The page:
My week in leftovers. Dinner, a side, a salad and dessert with my leftovers. 

My friends always ask: “How do you just look into the fridge and know what to do with random ingredients?” Answer: I brainstorm.  I investigate.  I experiment.  And the people who eat at my table eat better because of that.  This week I made a series of #Cheftovers dishes with all kinds of stuff I had in the form of leftovers or extra ingredients.  

Now, I don’t profess to be an experienced recipe developer.  I do what I can to share what I am doing, or have done, with specific ingredients.  But the inherent nature of leftovers is that no one household is going to have the same ingredients (of leftovers) so it’s hard for me to share or spread “recipes.” I prefer to share ideas, and inspiration.  So in that spirit, here is what I did this week:


I roasted a whole chicken and prepared stuffing (confession: it was boxed and I’m not ashamed).  Needless to say, in a household of two adults, a whole chicken and a whole recipe of stuffing left us with excess.  I took the extra stuffing and added a beaten egg and pressed it into a small tart pan (no reason you couldn’t use a pie pan on a larger scale) then baked it for a while for a crust.  



Then I combined beaten eggs and a hodge podge of what I had around (shallots, zucchini, and some of that roasted chicken) and poured it into the “crust.” I topped it with a little bit of shredded cheese and baked it until the egg was firm.  Boom. “Dinner Quiche-ish.”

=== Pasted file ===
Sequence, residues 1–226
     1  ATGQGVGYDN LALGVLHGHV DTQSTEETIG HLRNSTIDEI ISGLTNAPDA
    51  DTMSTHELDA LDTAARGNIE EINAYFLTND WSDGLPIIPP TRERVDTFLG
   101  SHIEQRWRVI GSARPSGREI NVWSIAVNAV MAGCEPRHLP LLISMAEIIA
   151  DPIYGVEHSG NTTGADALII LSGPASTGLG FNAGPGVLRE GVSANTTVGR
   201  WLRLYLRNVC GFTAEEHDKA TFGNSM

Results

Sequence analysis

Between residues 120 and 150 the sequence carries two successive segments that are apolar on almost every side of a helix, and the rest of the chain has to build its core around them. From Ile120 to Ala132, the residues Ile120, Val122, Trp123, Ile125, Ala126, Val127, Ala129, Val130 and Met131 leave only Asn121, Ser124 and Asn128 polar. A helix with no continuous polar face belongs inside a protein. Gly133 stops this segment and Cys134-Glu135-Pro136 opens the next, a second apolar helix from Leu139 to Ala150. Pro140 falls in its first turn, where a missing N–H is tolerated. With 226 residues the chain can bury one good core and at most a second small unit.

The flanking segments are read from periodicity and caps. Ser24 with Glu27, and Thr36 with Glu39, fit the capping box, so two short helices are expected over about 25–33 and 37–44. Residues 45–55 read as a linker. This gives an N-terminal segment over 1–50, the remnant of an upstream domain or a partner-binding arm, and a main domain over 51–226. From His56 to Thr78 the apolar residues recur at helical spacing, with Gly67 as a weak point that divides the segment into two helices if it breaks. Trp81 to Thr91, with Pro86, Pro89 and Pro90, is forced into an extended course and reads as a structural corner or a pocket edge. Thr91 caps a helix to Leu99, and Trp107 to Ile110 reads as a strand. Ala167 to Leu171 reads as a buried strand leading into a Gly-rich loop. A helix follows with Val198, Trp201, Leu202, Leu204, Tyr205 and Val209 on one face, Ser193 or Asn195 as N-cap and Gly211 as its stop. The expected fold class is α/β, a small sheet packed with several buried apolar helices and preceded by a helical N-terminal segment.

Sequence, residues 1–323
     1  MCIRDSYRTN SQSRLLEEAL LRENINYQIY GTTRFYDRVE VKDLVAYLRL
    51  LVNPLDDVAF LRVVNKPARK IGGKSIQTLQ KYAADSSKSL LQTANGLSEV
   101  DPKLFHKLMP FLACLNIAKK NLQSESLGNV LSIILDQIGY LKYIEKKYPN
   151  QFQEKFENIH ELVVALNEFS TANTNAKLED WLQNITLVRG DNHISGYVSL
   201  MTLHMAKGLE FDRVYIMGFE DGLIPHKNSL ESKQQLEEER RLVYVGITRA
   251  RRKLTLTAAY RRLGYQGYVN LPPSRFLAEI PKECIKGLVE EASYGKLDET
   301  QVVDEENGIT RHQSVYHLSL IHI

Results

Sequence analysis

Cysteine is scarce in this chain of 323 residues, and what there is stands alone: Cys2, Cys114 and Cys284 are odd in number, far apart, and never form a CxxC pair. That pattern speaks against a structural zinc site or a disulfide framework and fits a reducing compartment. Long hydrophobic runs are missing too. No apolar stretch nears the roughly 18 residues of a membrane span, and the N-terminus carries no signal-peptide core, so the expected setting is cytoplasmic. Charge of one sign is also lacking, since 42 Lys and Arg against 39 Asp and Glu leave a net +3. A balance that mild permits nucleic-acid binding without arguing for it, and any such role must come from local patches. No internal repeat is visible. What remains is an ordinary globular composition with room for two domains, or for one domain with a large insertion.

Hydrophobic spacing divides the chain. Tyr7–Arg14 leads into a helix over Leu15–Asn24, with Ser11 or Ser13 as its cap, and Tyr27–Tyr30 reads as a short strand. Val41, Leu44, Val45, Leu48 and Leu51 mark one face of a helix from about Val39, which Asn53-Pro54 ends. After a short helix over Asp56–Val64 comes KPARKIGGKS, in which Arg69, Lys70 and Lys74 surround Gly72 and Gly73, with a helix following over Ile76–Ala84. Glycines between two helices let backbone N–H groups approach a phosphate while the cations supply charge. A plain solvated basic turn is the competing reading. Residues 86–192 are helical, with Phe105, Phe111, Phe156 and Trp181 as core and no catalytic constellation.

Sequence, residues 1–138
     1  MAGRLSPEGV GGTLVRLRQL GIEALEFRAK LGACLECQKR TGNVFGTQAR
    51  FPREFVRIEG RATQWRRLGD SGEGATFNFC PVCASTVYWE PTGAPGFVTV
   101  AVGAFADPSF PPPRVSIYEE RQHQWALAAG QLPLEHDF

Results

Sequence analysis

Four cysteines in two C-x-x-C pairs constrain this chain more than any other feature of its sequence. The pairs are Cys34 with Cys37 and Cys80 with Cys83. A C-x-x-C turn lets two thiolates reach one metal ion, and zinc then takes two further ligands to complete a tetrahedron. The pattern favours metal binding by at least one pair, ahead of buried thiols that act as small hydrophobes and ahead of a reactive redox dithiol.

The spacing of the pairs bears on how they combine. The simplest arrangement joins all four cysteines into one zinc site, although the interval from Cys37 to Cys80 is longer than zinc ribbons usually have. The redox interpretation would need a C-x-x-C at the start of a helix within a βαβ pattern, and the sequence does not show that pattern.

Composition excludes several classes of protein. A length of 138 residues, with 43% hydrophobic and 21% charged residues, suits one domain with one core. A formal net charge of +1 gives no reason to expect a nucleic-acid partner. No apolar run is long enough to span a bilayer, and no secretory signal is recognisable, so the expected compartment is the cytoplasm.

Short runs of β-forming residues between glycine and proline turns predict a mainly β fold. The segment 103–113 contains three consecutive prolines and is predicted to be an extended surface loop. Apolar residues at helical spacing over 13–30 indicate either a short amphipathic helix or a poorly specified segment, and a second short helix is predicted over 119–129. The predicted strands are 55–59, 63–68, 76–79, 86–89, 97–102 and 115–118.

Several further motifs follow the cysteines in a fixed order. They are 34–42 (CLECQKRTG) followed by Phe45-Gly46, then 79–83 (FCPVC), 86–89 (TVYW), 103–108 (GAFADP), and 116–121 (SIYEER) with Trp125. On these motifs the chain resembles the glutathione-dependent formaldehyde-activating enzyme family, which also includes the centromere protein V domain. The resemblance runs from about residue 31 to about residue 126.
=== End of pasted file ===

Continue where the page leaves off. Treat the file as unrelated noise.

Hands down, my hubby’s favorite meal I make is bruchetta and spaghetti carbonara.  Made that Sunday.  But there was leftover bruschetta.  Shocking, I know.  I immediately thought of panzanella.  


It’s a bread salad of sorts using stale bread, basil, tomato, red onion and red pepper (which I already had on hand because I made chicken cacciatore over the weekend too) I chopped up the leftovers and looked up a couple of recipes online to see if I was missing anything. But it was super easy and super fresh, despite may use of leftovers.


Risotto is one of my favorite go-to dinners, because you can play around with it, kind of like a canvas.  I made a nice lemon and artichoke risotto, a hit with both my kids and my husband. But again, there was more than we needed.  So I thought of arancini.  Essentially they are fried rice balls. Now do I have our attention?  I took leftover risotto, mixed in a little grated cheese and a beaten egg, rolled them into balls and coated them in bread crumbs to fry them up.  Mic, dropped. 

 
Now to dessert.  It doesn’t matter what day of the week it is, I am up early and thinking about what I am going to do, and cook.  When I wake up on a weekend, I usually put on Food Network to get inspired.  I landed on a nice episode of “Southern at Heart,” with Damaris Phillips, who I had the chance to meet at this year’s Fabulous Food Show.  


She was making a picnic for $30 date and prepared chocolate mason jars. I thought, “I can do that !” And I had some leftover eggnog in the fridge (yes, it’s still in stores, it is not a month old!) Instead of whole milk, I used the egg nog.  And I’ll be honest…it was kinda genius.  Just for show, I crumbled a little of the Rice Krispie treats my kids asked me to make that same day, and topped it with a chocolate covered almond.  And it was spectacular.  And easy.  And quick. And delicious.


The moral of the leftover story is, you have more around than you realize.  More potential and more deliciousness.  You just need to get adventurous!  And get to sharing.  Tell me what you’re doing with your leftovers.